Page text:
THE high road from the center of Paris to the Latin Quarter is across the Pont du Carrousel and up the narrow Rue Mazarin, which skirts the Institut; and the Rue Mazarin we may now take if only for its old print shops, not the least interesting department of which is the portfolios containing students’ sketches, some of them very good. (I might equally have said some of them very bad.) We have seen on the Quai des Célestins the site of one of Molière’s theaters : here, at Nos. 12-14, is the house in which he established his first theatre, on the last day of 1643. The Rue Mazarin runs into the Rue de l’Ancienne Comédie Française, at No. 14 in which was that theatre, whose successor stands at the foot of the Rue Richelieu.
Crossing the Boulevard St. Germain we climb what is now the Rue de l’Odéon to the Place and theatre of that name, with the statue of Augier the dramatist before it. The Place de l’Odéon demands some attention, for at No. 1, now the Café Voltaire, was once the famous Café Procope, very significant in the eighteenth century, the resort of Voltaire and the Encyclopaedists, and later of the Revolutionaries. Camille Desmoulins indeed made it his home. You may see within portraits of these old famous habitués. Procopio, a Sicilian who founded his establishment for the shelter of poor actors and students (whom Paris then loathed in private life), was the father of all the Paris cafés.
The Café Procope was to men of intellect what some few years later Tortoni’s was to men of fashion. The Café Tortoni was in the Boulevard des Italiens. Let Captain Gronow tell its history : “About the commencement of the present [nineteenth] century, Tortoni’s, the centre of pleasure, gallantry and entertainment, was opened by a Neapolitan, who came to Paris to supply the Parisians with good ice. The founder of this celebrated café was by name Veloni, an Italian, whose father lived with Napoleon from the period he invaded Italy, when First Consul, down to his fall. Young Veloni brought with him his friend Tortoni, an industrious and intelligent man. Veloni died of an affection of the lungs, shortly after the café was opened, and left the business to Tortoni; who, by dint of care, economy and perseverance, made his café renowned all over Europe. Towards the end of the first Empire, and during the return of the Bourbons, and Louis Philippe’s reign, this establishment was so much in vogue that it was difficult to get an ice there; after the opera and theatres were over, the Boulevards were literally choked up by the carriages of the great people of the court and the Faubourg St. Germain bringing guests to Tortoni’s.
“In those days clubs did not exist in Paris, consequently the gay world met there. The Duchess of Berri, with her suite, came nearly every night incognito; the most beautiful women Paris could boast of, old maids, dowagers, and old and young men, pouring out their sentimental twaddle, and holding up to scorn their betters, congregated here. In fact, Tortoni’s became a sort of club for fashionable people; the saloons were completely monopolised by them, and became the rendezvous of all that was gay, and I regret to add, immoral.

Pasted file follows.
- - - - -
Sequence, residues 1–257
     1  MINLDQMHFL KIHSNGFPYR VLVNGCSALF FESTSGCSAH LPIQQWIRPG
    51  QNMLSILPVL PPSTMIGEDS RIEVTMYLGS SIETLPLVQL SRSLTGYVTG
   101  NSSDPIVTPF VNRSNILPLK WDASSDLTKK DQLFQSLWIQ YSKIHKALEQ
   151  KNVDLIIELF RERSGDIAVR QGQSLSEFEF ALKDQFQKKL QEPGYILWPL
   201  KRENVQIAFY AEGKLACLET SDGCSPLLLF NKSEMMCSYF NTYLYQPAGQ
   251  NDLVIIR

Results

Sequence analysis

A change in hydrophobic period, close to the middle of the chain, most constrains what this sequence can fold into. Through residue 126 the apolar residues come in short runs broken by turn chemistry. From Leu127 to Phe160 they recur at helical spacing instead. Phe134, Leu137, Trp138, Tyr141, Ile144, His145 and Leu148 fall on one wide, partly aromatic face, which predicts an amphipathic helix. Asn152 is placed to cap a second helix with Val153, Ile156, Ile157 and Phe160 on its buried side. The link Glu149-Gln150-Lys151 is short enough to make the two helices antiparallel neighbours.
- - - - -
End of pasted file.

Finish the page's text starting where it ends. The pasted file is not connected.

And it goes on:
” Gunter, the eldest son of the founder of the house in Berkeley Square, arrived in Paris about this period, to learn the art of making ice; for prior to the peace, our London ices and creams were acknowledged, by the English as well as foreigners, to be detestable. In the early part of the day, Tortoni’s became the rendezvous of duellists and retired officers, who congregated in great numbers to breakfast; which consisted of cold pâtés, game, fowl, fish, eggs, broiled kidneys, iced champagne, and liqueurs from every part of the globe.
“Though Tortoni succeeded in amassing a large fortune, he suddenly became morose, and showed evident signs of insanity : in fact, he was the most unhappy man on earth. On going to bed one night, he said to the lady who superintended the management of his café, ` It is time for me to have done with the world.’ The lady thought lightly of what he said, but upon quitting her apartment on the following morning, she was told by one of the waiters that Tortoni had hanged himself.”
Someone should write a book but perhaps it has been done on the great restaurateurs. Paris would, of course, provide the lion’s share ; but there would be plenty of material to collect in other capitals. The life of our own Nicol of the Café Royal, for example, would not be without interest ; and what of Sherry and Delmonico ?
While on the subject of meeting-places of remark-able persons, I might say that a latter-day resort of intellectuals who have allowed the world and its temptations to be too much for them is not so very far away from us at this point the cabaret of Le Père Lunette at No. 4 Rue des Anglais. I do not say that this is a modern Procope, but it has some of the same characteristics : men of genius have met here and illustrious portraits are on the wall ; but they are not frescoes such as could be included in this book, for old Father Spectacles puts satire before propriety.